Still, there is some debate about how widespread the survey problems were and the severity of the issues that were not reported or fixed. Making changes has largely been left up to the squadron's skipper, according to a retired Navy and Marine Corps mishap investigator.

"Yeah, it’s not mandatory. It’s a CO’s mirror, so to speak, on the culture and the command climate," Matt Robinson told Navy Times in a Sept. 19 phone interview. "It’s up to them whether they want to address the issues if there are any or not."

Still, in most cases he saw, COs took the results and made necessary changes.

"I may have seen it a couple of times where the squadron climate was caustic, but it is very rare," he said. "The survey, from what I have seen, works -- and every single survey that I have heard about, been a part of, the CO has taken the comments to heart and has implemented change to make it better."

Making changes

The year Murray came on board was also one of the worst for naval aviation deaths in years.

The old safety survey system has been phased out, according to Murray. Now, after a visit from the safety center, the results are briefed up the chain of command to helicopter squadron commodores and air group commanders for another set of eyes.

That could complicate things, though, Butcher said.

"The survey was only briefed to the COs of the squadron because of concern that sharing potentially derogatory information about the CO and the command to the wing commodore could have a negative impact on the command," he said. "The fear that the commodore's perception of the squadron and ranking of his squadron commanders could be influenced by information from these surveys is a very real concern."

The revamped safety center has also done a deep dive into its mishap data, mining the causes of accidents in the MH-60 Seahawk and Hornet communities, the two places hardest hit. The compiled reports include unit assessments, hazard reports filed, Aviation Safety Awareness Program filings and causal factors of past mishaps, to widen the investigations beyond Class A mishaps and include data on near-misses and other identified dangers.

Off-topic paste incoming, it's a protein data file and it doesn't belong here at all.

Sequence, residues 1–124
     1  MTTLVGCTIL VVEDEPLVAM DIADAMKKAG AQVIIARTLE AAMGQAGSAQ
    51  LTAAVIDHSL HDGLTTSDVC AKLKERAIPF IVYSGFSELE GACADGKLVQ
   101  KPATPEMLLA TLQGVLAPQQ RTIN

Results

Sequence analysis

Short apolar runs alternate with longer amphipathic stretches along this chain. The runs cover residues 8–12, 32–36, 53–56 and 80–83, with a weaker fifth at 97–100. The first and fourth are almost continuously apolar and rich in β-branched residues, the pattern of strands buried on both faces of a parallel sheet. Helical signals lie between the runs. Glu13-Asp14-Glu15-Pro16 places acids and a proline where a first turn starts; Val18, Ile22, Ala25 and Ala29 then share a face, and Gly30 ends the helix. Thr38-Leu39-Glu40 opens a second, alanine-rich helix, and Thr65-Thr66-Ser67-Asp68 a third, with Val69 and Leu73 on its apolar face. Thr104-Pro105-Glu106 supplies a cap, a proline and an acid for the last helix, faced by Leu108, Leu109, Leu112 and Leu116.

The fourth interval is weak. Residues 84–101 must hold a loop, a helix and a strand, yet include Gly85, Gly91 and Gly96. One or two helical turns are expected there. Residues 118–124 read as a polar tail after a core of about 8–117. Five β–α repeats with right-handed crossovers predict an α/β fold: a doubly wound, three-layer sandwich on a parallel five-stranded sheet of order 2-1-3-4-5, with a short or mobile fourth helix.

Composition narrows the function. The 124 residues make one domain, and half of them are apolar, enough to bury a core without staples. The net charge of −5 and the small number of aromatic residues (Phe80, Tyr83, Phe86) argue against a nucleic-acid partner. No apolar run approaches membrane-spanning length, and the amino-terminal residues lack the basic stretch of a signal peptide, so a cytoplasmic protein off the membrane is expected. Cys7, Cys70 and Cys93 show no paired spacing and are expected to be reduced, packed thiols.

The so-called hazard maps shed new light on the causes of mishaps as well as any particular geographic problem for VFA squadrons.

Despite his previous assumption that most mishaps caused by human error could be blamed on pilots, due to procedural mistakes, communication errors or just lack of experience, the data show something different, Murray said.

It turns out that the Navy has 160 percent more mishaps because of maintenance errors than anything pilots do. They also found that in the VFA community, squadrons based at Naval Air Station Lemoore, California, are much more likely to have maintenance problems than their East Coast counterparts at NAS Oceana, Virginia.

"Anyone that's been a [commander, air group] out in Lemoore and a CO at Oceana, like I have been, can tell you that you have maintenance master chiefs waiting like cordwood to be your maintenance master chief at Oceana. That does not exist out in Lemoore," Murray said.

He attributed that to Oceana being a more favorable duty station, which can siphon off some more experienced E-9s. That concern has been forwarded to the air boss, Vice Adm. Mike Shoemaker, in hopes of persuading more experienced Hornet maintainers to go to California, Murray said.

With two more weeks to go in fiscal year 2016, naval aviation has seen 14 mishaps this year, including four within three weeks this summer, all Marine Corps Hornet crashes and deaths.

Still, that's down from 19 in the previous year, and a vast improvement in the long term, Murray said.

"When I started flying in ’84, naval aviation averaged 40 class A mishaps a year. Almost all totally lost airplanes," he said, adding that the numbers have been cut in half in each successive decade.

"We’ve gotten much, much, much more safe."